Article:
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IPS UN: Inside the Glasshouse

Twiplomacy Gets Its Day in the Sun at U.N.

Behind the scenes at the UNTV studio where Secretary-General Ban Ki-moon was recorded answering some of the 5,000 questions sent to him via Twitter and Chinese network, Weibo. Mr. Ban’s response to the questions, some of which were asked on-air, was streamed live on Facebook, Livestream, Tumblr and UN Webcast. Credit: UN Photo/Mark Garten

UNITED NATIONS, Feb 5 2015 (IPS) - Formerly derided as the domain of time-wasting and self-obsession, social media has emerged as an unlikely shining light for international relations and social activism.

The trend has been dubbed ‘twiplomacy’ – Twitter diplomacy – with world leaders, diplomats and non-governmental organisations alike harnessing the people power of social media to amplify their own messages and goals.

“Social media is a megaphone. You won’t reach everybody, but it levels the playing field." -- Anna Nelson

“[Today] 84 per cent of governments have a Twitter presence. There are 130 heads of states and government on Twitter,” said Adam Snyder, global digital and social media strategist with the communications firm Burson Marsteller.

“It is giving people accessibility to their leaders. It takes activism and communicating with your government to a new level.”

Snyder was speaking on the results of his firm’s latest report, also titled ‘Twiplomacy,’ at the United Nations’ first ever Social Media Day on Jan. 30 in New York City.

That an entire day was devoted to the likes of Facebook, Tumblr and Twitter shows the degree to which the U.N. considers social media a tool for diplomacy and change.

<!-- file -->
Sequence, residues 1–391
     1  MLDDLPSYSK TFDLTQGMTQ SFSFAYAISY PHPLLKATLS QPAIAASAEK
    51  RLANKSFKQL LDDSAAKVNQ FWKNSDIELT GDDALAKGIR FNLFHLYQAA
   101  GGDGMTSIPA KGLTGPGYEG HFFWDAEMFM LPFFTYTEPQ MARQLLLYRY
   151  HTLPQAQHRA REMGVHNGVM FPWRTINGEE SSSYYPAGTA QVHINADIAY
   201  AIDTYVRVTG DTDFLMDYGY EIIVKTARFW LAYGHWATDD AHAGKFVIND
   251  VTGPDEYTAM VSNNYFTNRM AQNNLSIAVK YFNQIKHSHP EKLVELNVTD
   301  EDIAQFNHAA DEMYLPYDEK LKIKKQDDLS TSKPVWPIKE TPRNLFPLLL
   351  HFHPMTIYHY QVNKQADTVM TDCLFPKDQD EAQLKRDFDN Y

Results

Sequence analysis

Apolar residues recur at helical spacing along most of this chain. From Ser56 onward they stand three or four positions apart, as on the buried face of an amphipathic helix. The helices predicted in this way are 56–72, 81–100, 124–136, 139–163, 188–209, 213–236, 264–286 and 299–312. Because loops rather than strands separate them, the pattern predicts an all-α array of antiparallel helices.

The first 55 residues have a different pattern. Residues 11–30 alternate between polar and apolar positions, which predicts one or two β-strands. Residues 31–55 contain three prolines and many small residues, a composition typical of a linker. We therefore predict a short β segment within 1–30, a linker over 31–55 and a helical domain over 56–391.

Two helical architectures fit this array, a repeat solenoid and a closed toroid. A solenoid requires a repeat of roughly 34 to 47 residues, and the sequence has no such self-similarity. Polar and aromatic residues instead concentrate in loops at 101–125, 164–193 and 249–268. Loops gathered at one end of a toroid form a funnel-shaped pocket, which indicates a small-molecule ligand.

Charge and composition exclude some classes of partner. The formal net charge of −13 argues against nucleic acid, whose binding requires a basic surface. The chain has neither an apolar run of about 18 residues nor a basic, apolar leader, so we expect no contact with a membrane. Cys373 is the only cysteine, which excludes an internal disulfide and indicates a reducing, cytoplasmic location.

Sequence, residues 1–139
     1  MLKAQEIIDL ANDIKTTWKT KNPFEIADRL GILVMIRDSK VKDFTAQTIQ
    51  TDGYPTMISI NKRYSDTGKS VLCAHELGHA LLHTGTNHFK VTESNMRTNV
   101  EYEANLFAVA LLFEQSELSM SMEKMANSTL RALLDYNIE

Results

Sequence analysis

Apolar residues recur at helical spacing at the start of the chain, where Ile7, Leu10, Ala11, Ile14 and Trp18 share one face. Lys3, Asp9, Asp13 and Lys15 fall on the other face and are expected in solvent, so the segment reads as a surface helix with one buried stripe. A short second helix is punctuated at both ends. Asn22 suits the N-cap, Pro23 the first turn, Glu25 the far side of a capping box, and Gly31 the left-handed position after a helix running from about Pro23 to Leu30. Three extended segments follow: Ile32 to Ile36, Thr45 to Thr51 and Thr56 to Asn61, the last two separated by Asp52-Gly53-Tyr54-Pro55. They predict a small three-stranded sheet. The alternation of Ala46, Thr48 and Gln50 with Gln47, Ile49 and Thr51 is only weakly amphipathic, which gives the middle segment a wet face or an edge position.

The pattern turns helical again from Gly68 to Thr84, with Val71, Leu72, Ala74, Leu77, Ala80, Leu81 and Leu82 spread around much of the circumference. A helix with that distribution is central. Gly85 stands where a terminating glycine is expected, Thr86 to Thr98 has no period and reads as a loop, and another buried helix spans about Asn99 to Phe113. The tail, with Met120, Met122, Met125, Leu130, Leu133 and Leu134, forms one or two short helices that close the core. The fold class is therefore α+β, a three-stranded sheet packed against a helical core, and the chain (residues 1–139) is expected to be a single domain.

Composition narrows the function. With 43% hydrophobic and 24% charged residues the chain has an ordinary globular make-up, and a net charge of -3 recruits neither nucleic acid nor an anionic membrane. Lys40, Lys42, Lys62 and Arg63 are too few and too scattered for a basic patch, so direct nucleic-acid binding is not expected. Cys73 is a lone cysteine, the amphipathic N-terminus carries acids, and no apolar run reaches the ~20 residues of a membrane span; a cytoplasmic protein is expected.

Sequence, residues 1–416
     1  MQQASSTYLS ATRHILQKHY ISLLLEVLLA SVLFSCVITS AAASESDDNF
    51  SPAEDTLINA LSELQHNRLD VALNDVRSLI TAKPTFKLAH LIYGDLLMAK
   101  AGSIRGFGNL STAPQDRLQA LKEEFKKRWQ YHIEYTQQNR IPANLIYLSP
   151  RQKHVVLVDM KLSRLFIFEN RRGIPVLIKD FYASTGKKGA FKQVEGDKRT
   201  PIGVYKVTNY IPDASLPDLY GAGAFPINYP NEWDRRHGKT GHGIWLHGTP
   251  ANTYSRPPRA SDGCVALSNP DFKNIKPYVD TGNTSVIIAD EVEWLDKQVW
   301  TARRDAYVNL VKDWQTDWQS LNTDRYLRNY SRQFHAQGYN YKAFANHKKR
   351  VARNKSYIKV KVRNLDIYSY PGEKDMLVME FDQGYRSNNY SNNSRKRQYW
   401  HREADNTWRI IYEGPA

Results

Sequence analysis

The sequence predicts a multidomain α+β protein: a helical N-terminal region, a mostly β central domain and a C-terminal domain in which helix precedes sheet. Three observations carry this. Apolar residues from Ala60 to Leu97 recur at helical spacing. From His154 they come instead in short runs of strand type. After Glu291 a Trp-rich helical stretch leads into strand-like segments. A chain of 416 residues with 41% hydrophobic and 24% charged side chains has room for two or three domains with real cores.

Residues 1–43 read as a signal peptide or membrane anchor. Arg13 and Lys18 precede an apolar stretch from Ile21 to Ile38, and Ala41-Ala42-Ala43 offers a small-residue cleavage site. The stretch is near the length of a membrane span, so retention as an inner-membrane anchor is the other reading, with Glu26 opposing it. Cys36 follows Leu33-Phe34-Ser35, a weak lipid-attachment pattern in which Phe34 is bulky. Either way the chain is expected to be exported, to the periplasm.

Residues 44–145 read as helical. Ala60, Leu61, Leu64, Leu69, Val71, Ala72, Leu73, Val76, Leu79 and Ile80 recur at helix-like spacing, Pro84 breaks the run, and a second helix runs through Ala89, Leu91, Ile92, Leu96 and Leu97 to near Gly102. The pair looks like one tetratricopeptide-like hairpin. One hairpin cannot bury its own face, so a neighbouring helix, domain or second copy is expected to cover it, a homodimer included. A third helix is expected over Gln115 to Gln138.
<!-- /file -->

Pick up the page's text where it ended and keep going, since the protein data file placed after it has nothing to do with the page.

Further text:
“There’s the old-fashioned idea of diplomacy, having a hotline between one country and another. Now there’s a Twitter line between countries,” Snyder said.

The U.N.’s Social Media Day heard from diplomats, advocacy groups, strategists, executives and journalists on the effect of technology on political and social discourse.

“[Social media] is helping to demystify diplomacy, and opening doors to what we do,” said Michael Grant, deputy permanent representative of Canada to the U.N.

Advocacy groups

Through harnessing the power of viral videos, Twitter hashtags and strategic outreach, even the smallest of social campaigns can become globally ubiquitous.

Recent notable examples, including ‘black lives matter’ (protesting the deaths of black men at the hands of police), and ‘bring back our girls’ (calling for the release of 270 Nigerian schoolgirls kidnapped by Boko Haram), saw the transformation of essentially local campaigns into slogans recognised worldwide.

Anna Nelson, spokesperson for the International Committee of the Red Cross (ICRC) and editor of its Intercross blog, told IPS social media had radically changed the way her agency and many others executed campaigns.

“When a crisis or disaster happens, people want to do something. It’s hard to give them an outlet to do anything, especially in a war zone, but social media gives people the opportunity to participate in fundraising or awareness,” Nelson said.

“People want to make a difference, but it was sometimes impossible before. For aid agencies, social media is a very powerful tool.”

Nelson spoke on Friday about the ICRC’s efforts in using social media to highlight issues around conflicts in Afghanistan, Syria and Ukraine.

She said social media has been hugely effective in helping ICRC reunite families separated in crises. She also singled out a 2011 TEDx event the ICRC curated in Geneva, which included a talk by an Afghan man with no legs and one arm.

A video of the talk, raising awareness of the Afghanistan conflict, has since been translated into many different languages and viewed 700,000 times. She said social media allowed even smaller organisations to bring global attention to their causes.

“Social media is a megaphone. You won’t reach everybody, but it levels the playing field,” Nelson told IPS.

Andre Banks, executive director of LGBT advocacy group All Out, also spoke on Friday about awareness and activism successes achieved through social media. He outlined a recent campaign that was successful in forcing a prominent hotel chain to discontinue their indirect funding of anti-gay groups, through mass mobilization of All Out’s social media supporters.